Legally, the U.S. has to use troops there to fight the Islamic State. But the White House wants them to deter Iran.
By Lara Seligman– Foreign Policy
As the Marine Corps general leading U.S. operations in the Middle East in 2013, James Mattis was fired by then-President Barack Obama for his hawkish views on Iran. Today, as defense secretary, Mattis is again in a tight spot due to U.S. policy toward Tehran—but this time, he is on the receiving end of hawkish pressure.
President Donald Trump’s administration has in recent months been ramping up economic pressure and rhetoric against Iran. This week, National Security Advisor John Bolton issued a particularly pointed threat, warning that there will be “hell to pay” if Tehran continues to “cross” the United States and its allies.
“The murderous regime and its supporters will face significant consequences if they do not change their behavior,” said Bolton, speaking at the United Nations General Assembly gathering in New York. “Let my message today be clear: We are watching, and we will come after you.”
In a move that strayed squarely onto Defense Department turf, Bolton declared that the United States will keep a military presence in Syria as long as Iran has forces there. This put him at odds with the Pentagon’s long-standing assertion that the roughly 2,000 U.S. troops are in Syria for one purpose: to ensure the lasting defeat of Islamic State militants.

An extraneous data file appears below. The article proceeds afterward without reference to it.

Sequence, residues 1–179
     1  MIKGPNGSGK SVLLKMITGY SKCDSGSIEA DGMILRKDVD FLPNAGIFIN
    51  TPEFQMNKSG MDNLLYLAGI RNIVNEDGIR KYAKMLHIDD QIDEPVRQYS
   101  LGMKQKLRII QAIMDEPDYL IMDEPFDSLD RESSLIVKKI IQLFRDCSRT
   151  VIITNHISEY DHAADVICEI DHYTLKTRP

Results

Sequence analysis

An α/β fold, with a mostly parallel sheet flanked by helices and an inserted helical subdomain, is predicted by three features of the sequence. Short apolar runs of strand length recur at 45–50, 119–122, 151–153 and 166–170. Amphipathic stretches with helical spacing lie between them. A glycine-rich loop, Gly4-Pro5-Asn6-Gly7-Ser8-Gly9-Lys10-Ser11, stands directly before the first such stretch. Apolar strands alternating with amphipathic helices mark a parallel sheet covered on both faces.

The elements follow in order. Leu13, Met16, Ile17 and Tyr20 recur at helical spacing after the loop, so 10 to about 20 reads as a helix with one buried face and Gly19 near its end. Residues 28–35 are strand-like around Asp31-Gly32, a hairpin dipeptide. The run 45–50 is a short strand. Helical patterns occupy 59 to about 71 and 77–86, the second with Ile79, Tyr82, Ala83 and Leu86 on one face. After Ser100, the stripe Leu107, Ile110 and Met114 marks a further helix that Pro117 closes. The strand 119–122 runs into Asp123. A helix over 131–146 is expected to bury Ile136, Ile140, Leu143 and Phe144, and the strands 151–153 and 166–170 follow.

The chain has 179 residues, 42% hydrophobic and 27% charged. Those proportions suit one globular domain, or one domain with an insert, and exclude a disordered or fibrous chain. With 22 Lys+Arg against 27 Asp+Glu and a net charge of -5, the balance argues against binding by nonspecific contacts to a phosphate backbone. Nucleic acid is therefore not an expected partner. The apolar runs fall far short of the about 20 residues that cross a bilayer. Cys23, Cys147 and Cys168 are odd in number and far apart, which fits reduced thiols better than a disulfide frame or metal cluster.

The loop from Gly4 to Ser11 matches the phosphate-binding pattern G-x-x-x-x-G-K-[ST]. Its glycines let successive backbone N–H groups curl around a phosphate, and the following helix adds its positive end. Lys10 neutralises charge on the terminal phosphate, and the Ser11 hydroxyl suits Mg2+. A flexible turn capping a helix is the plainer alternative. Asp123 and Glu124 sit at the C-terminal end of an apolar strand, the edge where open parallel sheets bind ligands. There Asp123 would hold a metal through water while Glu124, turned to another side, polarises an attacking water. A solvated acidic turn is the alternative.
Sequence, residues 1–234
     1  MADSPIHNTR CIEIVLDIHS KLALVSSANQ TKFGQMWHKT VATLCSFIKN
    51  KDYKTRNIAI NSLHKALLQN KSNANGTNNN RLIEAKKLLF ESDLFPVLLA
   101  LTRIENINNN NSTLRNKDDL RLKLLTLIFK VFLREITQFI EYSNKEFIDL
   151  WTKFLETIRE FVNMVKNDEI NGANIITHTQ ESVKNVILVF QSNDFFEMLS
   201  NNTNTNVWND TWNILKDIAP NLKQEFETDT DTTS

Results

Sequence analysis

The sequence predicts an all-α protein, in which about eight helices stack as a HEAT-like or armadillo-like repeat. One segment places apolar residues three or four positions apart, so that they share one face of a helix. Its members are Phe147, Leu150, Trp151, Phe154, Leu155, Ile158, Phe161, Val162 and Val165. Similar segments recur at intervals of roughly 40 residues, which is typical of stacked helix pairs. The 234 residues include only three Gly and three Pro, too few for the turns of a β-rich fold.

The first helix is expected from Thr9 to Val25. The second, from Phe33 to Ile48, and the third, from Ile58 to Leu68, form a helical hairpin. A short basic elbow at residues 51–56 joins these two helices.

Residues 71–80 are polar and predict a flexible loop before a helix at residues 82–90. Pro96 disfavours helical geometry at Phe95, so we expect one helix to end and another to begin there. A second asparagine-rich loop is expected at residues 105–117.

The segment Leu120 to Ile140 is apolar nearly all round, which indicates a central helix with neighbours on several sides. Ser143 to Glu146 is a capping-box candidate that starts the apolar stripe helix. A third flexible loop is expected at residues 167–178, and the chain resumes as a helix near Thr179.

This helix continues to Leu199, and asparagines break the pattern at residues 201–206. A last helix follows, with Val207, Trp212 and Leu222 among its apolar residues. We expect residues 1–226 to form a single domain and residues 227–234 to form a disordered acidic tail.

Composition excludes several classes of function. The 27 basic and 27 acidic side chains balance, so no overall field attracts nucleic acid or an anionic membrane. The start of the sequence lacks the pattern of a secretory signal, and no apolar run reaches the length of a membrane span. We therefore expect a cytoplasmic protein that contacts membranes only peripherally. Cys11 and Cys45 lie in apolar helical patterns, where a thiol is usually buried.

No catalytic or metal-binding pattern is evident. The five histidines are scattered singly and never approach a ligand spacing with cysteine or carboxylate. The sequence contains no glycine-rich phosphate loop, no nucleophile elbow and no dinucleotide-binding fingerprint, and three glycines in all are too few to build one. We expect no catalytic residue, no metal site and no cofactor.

Mattis now must walk a fine line between the administration’s increasingly hostile rhetoric against Iran, including its regional ambitions, and concerns about U.S. mission creep in Syria.
In reality, Mattis and Bolton likely share similar concerns about Iran, experts say. But the defense secretary has reason to present a more cautious front in Syria. For one thing, lawmakers in Congress are balking at what they see as an illegal expansion of the U.S. mission in Syria, which is legally predicated on a fight against nonstate militant groups, not a country like Iran. At the same time, on the ground, escalation poses a very real risk to U.S. troops from Iranian proxies, forces loyal to Syrian President Bashar al-Assad, and Russian forces.
“Mattis is probably most concerned about the implications for U.S. forces in theater (e.g., blowback from Iranian and Russian proxies) and is being more cautious in his public statements, given Congressional concerns about legal authorities,” Melissa Dalton, an analyst with the Center for Strategic and International Studies, said in an email.
“Mattis may also not want to get out in front of the White House in this political environment,” she added.
In a gaggle with reporters at the Pentagon on Monday, after Bolton’s comments, Mattis asserted that there has been no change in U.S. policy toward Syria.
“We obviously have got to train up local security forces so that ISIS [can’t resurge]. But that is part of the defeat of ISIS,” Mattis said. “I’m not sure that that’s any change. … We’re up against an unconventional enemy, not a conventional force that could come right back in. I think this has been our position for at least a year and a half.”